Davis police-oversight setback

For seven months, citizens of Davis have tried to establish a civilian review board for the Davis Police Department in the wake of alleged racial profiling and misconduct. On February 21, the city council chose instead to look into the option of an ombudsman to investigate complaints against the department.

Jann Murray-Garcia, a pediatrician and president of the Davis organization Blacks for Effective Community Action, is skeptical of how effective the ombudsman model would be.

“The strength is in how authentic the [person] is, and if they get someone who is co-opted by them and reports only to the city manager, then you’re back to where you started,” she said.

Police spokeswoman Lt. Colleen Turay said that police were not comfortable with the “degree of separateness” in a civilian review board and that they like the model the city decided to explore.

“The addition of looking into an ombudsman is fine with us. We are not opposed to an increase in oversight. Our concern is that it is done legally,” she said.

Murray-Garcia said the city-council decision is a setback not only to citizens’ efforts, but also to addressing the racial-profiling issue as a whole.

“I really don’t think the majority of council members appreciate what it’s like to live in a city where there’s this differential treatment by the police,” she said. “The legacy of our country is built on race. At some point, somebody has to say that this is an issue in our city.”

—Sonia K. Saini

Seizing the Days

The Days Market and the Washington Market, two of Oak Park’s 33 liquor-selling convenience stores, risk losing their licenses, and maybe even their businesses (see “This property condemned"; SN&R Cover Story; May 26, 2005).

Multiple forces are coming together to kick these two stores out of Oak Park. The Sacramento Police Department has accused each market owner of running a “disorderly house,” defined as “a licensed premises … maintained for purposes which are injurious to the public morals, health, convenience or safety.”

“The police are reactive when a neighborhood says, ‘We’ve had enough,'” explained Lt. Sylvia Moir of the Sacramento Police Department.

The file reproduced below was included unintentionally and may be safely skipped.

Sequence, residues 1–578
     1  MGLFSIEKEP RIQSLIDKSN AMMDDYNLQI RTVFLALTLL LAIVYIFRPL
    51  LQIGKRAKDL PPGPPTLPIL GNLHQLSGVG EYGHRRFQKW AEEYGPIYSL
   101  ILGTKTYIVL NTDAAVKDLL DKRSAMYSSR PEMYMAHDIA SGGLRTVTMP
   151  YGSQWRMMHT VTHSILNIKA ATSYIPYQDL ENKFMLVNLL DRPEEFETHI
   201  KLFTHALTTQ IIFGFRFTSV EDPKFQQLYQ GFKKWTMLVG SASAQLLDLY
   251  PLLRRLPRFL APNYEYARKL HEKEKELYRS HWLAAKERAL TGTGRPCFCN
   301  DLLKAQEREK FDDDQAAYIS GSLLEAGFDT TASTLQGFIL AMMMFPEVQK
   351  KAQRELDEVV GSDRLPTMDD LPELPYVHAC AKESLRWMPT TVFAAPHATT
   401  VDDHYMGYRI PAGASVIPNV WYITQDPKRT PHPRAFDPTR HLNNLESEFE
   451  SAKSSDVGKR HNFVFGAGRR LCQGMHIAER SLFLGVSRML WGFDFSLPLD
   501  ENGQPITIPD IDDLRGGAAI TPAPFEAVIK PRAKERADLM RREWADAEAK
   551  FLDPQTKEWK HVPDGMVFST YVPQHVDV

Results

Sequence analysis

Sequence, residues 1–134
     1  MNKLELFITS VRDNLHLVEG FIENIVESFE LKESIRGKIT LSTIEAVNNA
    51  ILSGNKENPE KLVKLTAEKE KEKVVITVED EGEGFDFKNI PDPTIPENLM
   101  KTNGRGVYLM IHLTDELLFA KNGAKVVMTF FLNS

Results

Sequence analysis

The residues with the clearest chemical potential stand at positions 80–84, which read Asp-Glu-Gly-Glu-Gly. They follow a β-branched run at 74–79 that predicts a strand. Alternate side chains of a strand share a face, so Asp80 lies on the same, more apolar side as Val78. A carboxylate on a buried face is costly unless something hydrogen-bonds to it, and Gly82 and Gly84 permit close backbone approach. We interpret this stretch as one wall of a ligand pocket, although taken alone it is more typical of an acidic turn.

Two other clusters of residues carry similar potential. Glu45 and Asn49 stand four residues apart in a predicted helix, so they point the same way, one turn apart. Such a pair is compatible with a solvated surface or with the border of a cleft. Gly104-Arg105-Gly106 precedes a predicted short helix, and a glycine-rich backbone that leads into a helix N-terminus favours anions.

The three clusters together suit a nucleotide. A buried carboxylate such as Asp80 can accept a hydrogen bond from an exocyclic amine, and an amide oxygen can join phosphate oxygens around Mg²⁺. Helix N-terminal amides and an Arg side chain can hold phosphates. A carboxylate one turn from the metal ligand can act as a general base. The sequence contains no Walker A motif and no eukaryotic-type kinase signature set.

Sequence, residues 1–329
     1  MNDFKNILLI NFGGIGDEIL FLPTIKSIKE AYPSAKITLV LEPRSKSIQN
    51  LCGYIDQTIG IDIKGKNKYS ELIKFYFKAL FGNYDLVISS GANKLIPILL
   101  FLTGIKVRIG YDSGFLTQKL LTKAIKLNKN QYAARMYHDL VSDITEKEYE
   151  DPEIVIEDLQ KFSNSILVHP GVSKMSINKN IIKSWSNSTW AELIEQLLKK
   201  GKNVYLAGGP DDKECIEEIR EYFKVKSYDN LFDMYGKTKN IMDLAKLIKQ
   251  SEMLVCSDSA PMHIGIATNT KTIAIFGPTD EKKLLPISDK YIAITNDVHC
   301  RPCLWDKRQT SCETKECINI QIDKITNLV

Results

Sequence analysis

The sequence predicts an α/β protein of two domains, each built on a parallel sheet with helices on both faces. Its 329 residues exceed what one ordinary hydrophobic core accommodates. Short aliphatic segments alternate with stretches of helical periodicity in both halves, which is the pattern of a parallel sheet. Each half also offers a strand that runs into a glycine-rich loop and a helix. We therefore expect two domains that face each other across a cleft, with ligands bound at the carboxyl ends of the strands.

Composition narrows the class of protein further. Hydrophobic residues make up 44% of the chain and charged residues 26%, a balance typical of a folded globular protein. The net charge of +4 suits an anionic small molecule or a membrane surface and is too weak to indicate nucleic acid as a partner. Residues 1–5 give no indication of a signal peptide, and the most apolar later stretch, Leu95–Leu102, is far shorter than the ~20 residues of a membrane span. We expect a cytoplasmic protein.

Sparking an investigation by the California Department of Alcoholic Beverage Control, the police are obligated to prove that the markets are the nexus of nuisance activities.

The Washington Market has responded to community outcry. Classical music floats into the street, floodlights keep the streets well-lit, and the store closes at a respectable 10 p.m., but neighbor Tom Sumpter claims the market continues to sell single beers, “preying on those that are most susceptible to alcoholism.”

Recent improvements failed to impress City Councilwoman Lauren Hammond. “I think they’ve shown that they want to keep their liquor license,” she said.

The city council is planning to vote March 7 on whether to use eminent domain to seize the two properties, both of which were grandfathered into residential neighborhoods. The city is also considering future changes to zoning and planning laws.

“This is probably our last chance to use eminent domain,” explained Tim Boyd, one of the Oak Park residents urging neighbors to attend the March 7 meeting to show their support.

—Chrisanne Beckner

Rewriting Hindu history

This week, Hindu organizations weighed in against the State Board of Education, demanding that changes be made to sixth-grade textbooks. Every six years, the board submits requests for content changes to book publishers. This year, the Vedic Foundation and the Hindu Education Foundation have proposed a multitude of revisions on everything from inconsistent spellings to clarifying the origins of the caste system. Bhagawandas Lathi, an adviser to the local Hindu Education Foundation, said that current textbooks “give the wrong impression to students” and that “Hinduism is only shown in a negative light.” Lathi said today’s textbooks depict Hinduism as the only faith whose history is steeped in class and gender inequities, while failing to inform students on the tenets of Hindu faith. The State Board of Education has said it will modify textbook portrayal of the Hindu faith only when those changes are improving factual accuracy.

—Rachel Gregg